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Trump wants deep cuts to international aid: the uncalculated costs of global health insecurity


By Ana Rita Sequeira

In the last decade, the United States has played a leading funder role in the preparedness and responses to global infectious outbreaks and the delivery of basic healthcare in developing countries. The proposed aid cuts in the U.S. 2018 budget arguably represent at the very least, a serious setback in achieving the Sustainable Development Goals (SDGs) and would diminish the capacity to prevent and coordinate interventions to address human health security issues, like Ebola. The reduction of funding to national disease surveillance systems, training and infrastructure in the developing world means lowering the guard to deliver rapid, coordinated and consistent assistance to tackle borderless infectious diseases.

In a recent interview commenting on Trump’s proposed 2018 budget, the American economist Jeffrey Sachs said the cuts could lead to millions of deaths. Whatever the outcome of the US budget battle, the world must agree on new aid architecture, with strong leadership that pushes the international community to commit more financial resources.

An example of  long-lasting insecticidal bed nets funded by USAID and distributed in health centres in Mozambique. Photo: Ana Rita Sequeira

Before Trump’s Era

In 2015, the Organisation for Economic Co-operation and Development (OECD) statistics showed a U.S contribution to aid of over US$29b, through bilateral agreements (country to country), multilateral commitments (United Nations, World Bank, and others) and international and local non-governmental organisations. One-third of these financial resources (US$11b) have been used to fund basic healthcare services, and water and sanitation programs in developing countries, including diagnosis tests for malaria and HIV/AIDS, drugs, bednets, and new infrastructure as health centres, hospitals, and biomedical research centres. Altogether, U.S.leadership strengthen disease surveillance systems and global coordination on epidemic outbreaks by funding professional training, research centres, and working closely with developing countries. The U.S.’s commitment and leading role in pushing the agenda to combat HIV/AIDS, malaria and tuberculosis were noteworthy through the creation of President’s Emergency Plan for AIDS Relief (PEPFAR) in 2002, and the President’s Malaria Initiative (PMI) in 2005, and substantial contributions to The Global Fund (US$10b in 2015).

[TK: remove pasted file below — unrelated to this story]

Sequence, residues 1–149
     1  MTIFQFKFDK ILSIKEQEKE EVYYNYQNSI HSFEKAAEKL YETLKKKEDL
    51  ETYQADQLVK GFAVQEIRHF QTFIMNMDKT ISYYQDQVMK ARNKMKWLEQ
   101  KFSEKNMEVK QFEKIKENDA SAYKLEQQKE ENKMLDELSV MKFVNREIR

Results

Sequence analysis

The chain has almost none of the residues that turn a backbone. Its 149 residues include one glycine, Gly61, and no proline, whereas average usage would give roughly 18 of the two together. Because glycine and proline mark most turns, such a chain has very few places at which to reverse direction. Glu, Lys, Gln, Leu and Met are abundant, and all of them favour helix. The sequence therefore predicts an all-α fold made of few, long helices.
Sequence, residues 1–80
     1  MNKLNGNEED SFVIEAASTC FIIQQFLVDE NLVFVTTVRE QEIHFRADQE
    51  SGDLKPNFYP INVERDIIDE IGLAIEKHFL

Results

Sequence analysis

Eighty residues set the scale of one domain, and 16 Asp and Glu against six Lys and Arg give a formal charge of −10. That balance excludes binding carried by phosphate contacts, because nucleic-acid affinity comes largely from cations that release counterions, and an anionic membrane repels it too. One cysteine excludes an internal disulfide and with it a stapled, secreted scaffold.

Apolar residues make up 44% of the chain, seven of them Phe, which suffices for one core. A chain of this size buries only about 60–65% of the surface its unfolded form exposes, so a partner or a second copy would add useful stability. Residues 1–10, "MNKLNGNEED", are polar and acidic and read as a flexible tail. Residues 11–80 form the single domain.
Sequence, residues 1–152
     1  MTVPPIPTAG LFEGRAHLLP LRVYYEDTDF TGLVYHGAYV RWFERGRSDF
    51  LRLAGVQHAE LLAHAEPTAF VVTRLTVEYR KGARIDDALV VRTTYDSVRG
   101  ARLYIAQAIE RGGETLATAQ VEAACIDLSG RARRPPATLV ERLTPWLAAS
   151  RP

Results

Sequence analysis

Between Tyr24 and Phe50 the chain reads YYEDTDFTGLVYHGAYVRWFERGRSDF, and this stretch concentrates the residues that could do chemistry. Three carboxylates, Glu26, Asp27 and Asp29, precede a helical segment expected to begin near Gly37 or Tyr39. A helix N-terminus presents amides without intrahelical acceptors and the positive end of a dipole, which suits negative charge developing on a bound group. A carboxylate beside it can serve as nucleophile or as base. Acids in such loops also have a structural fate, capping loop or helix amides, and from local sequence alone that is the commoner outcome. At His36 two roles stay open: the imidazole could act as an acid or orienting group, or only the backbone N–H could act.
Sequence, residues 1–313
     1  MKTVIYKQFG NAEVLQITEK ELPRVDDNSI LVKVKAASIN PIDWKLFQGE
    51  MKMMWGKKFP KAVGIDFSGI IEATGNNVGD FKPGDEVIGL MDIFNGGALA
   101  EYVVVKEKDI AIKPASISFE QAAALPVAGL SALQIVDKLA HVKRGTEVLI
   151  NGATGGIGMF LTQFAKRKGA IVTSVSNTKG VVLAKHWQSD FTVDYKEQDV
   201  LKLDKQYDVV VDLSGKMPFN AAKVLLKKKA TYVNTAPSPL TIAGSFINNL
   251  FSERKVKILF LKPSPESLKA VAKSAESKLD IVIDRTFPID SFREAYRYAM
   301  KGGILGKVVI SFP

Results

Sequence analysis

U.S’s major financial contributions and the global commitment to the Millennium Development Goals resulted in significant achievements in the last 15 years (Millennium Development Goals(MDG): new HIV infections dropped by almost one-third from the epidemic peak; tuberculosis deaths declined by 3.7% between 2000 and 2013; child deaths from malaria in sub-Saharan Africa have dropped 31.5%, the under-five mortality rate has declined by more than half, and maternal mortality is down 45 percent worldwide in major diseases as HIV, malaria, and tuberculosis. If approved by the Congress, the budget proposed by Trump’s administration would create uncertainty as to how to sustain MDG’s results and achieve the SDG in 2030.


The recently announced U.S. budget for 2018 “America First: A budget blueprint to make America great again” is sweet-and-sour on the international aid. Some important programs such as PEPFAR and PMI will be kept, but the aid flow channelled through distinct recipients (UN, Development banks, NGOs, etc.) will be reduced as a whole. This chain effect compromises the global effort to improve the health outcomes of people living in developing countries, especially their access to medical treatments and care.

                Proposed 2018 US budget changes in international aid:

·      The Fogarty International Centre

·      Direct funding for international organizations such as the Department of State and USAID (-28%), multilateral development banks, including the World Bank, (US$650 million over three years), contribution to UN budget and UN peacekeeping costs (up to 25%)